Law Firm Slater and Gordon said it has today filed the first of its superannuation class action against Commonwealth Bank of Australia under “Get Your Super Back” campaign.
Slater and Gordon’s “Get Your Super Back” campaign was launched on 11 September 2018 to bring back the money of superannuation members through series of class action. It was introduced in the wake of Royal Commission’s public hearings into superannuation and financial services. At that time, law firm estimated that more than one billion dollars of Australian’s super funds have been striped by major banks lining their own pockets.
Under this class action proceeding, Commonwealth Bank of Australia (ASX: CBA) and its wealth management group Colonial First State will be alleged for investing retirement savings of its superannuation members and paying lower than market standard interest rates. It has been told that CBA may have to pay more than $100 million claims to retirees which will include hundreds of thousands of Australians.
However, CBA acknowledged the same in an ASX announcement defense of superannuation class action dated 10 October 2018. Although the bank has given no concrete statement in its defense, it stated that its subsidiary Colonial First State Investments Limited (CFSIL) and CBA will strongly oppose the class action proceedings filed by Slater and Gordon.
This class action was reportedly filed in the Federal Court of Australia by a first applicant Keith Kayler-Thomson and is expected to be followed by several Colonial First State members. Mr. Kayler-Thomson said that its about his retirement savings and he has been expecting prestigious institution like Colonial to act within law.
Ben Hardwick, Slater and Gordon Head of Class Actions, stated that law firm will allege Colonial First State for dumping its members’ super with uncompetitive interest rates offered by its parent CBA. He said that Colonial First State has no reason to support its low rate acceptance from CBA as it could have easily obtained the higher rate from CBA or other banks for the cash-only and related investment options of its members.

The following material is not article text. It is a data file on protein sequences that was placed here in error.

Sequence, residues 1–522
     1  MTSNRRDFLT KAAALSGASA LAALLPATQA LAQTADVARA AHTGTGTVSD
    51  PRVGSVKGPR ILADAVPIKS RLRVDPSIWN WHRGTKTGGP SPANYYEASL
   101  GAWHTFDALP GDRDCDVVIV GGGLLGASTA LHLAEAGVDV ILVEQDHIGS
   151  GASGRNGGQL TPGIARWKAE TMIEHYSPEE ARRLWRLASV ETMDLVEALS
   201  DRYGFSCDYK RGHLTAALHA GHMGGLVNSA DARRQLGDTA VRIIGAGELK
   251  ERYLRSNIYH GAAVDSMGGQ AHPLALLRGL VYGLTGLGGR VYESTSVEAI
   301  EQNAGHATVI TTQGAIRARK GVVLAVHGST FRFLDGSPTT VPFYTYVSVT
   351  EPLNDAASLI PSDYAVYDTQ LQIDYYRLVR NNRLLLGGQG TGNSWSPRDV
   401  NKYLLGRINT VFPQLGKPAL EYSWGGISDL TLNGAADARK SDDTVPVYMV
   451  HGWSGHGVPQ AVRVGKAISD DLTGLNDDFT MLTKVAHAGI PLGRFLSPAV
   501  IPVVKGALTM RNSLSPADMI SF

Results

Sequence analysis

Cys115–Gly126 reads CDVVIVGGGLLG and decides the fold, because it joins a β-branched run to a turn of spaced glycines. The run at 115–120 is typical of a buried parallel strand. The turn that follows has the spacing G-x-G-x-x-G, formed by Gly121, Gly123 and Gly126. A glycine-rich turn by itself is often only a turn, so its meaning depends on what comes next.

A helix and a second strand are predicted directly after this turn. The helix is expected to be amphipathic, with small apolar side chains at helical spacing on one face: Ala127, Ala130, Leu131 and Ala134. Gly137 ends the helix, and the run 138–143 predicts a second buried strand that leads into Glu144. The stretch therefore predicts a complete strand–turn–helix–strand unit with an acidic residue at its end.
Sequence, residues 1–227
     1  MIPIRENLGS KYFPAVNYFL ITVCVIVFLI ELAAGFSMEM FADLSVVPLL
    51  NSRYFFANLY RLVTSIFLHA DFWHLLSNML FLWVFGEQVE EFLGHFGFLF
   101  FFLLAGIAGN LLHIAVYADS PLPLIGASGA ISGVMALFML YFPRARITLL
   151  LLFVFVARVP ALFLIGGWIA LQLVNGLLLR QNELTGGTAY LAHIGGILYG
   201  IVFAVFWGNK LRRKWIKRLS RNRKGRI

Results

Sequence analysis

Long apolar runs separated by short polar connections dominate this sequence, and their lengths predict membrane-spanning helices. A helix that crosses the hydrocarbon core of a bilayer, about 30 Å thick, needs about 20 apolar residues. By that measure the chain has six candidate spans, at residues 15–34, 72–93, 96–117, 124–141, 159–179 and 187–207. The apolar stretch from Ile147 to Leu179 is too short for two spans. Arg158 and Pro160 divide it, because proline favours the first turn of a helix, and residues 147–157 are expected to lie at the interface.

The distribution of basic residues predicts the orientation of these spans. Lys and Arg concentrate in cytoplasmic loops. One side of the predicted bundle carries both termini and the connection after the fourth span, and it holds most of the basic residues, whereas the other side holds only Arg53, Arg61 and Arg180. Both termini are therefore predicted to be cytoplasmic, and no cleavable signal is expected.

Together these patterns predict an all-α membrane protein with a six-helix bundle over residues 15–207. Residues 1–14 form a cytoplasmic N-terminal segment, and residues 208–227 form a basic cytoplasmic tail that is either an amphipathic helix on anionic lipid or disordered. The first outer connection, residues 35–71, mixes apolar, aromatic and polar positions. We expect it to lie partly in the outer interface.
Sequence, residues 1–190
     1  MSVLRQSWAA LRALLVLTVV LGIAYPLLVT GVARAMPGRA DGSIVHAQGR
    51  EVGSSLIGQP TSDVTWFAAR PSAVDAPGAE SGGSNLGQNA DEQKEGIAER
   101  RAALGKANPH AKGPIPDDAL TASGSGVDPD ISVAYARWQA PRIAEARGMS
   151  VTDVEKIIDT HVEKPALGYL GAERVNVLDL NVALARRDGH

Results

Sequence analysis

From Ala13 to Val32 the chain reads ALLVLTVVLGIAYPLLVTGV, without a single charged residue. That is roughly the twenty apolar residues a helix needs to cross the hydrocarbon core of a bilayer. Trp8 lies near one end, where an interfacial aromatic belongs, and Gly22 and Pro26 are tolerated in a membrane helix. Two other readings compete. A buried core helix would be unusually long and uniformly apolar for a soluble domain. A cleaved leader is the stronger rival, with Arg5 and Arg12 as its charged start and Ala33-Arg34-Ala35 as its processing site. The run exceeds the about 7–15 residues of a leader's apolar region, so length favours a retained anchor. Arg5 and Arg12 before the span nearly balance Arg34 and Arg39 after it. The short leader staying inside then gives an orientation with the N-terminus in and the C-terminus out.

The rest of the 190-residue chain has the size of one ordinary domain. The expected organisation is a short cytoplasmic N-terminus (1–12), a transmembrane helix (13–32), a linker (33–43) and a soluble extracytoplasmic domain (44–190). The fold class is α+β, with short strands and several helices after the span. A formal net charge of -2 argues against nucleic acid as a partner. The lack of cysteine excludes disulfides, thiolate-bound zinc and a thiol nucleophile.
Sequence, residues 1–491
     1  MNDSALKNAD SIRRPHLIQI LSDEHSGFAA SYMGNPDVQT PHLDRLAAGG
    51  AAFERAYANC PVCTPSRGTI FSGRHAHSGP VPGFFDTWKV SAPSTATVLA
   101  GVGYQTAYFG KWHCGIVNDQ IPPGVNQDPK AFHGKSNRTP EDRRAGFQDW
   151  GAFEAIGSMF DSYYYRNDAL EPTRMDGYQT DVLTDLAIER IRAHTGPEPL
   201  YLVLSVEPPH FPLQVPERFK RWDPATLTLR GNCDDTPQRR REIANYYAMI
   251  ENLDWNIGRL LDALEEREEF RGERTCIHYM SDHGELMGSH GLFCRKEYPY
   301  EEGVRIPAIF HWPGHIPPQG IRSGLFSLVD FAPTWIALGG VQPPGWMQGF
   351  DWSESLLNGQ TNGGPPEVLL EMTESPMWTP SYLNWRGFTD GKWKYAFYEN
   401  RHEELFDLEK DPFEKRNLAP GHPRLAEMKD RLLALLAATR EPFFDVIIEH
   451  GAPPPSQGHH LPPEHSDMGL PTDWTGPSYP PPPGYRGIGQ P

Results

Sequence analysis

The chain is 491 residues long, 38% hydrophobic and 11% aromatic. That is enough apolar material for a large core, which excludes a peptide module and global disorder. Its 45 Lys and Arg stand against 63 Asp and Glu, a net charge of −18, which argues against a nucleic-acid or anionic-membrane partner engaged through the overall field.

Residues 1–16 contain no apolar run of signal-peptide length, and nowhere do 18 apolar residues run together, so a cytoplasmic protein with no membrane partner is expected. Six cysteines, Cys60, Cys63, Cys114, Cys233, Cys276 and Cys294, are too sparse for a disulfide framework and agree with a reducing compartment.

It was informed that CBA has been paying as low as 1.25% which is even lower than RBA cash rate of 1.5%. Outlining the members’ loss on lower interest rates, Mr. Hardwick said that if CBA would have been paying just an additional 0.5% per annum to members with $100,000 in cash, the member would have earned extra $2,235 over five years.
The legal watchdog Slater and Gordon said that amount may appear to be small, but it’s a hard-earned money of working Australians which should be given back to the ones it belongs.
Since Australia’s banking sector has been seen in green today, the share price of Commonwealth Bank of Australia edged up by 0.32% to close at $68.970 on 10th October 2018. However, the stock has drastically fallen by 10.38% over the past one year. Today, CBA stock traded at a PE of 12.870 x with market capitalization of $121.7 billion.
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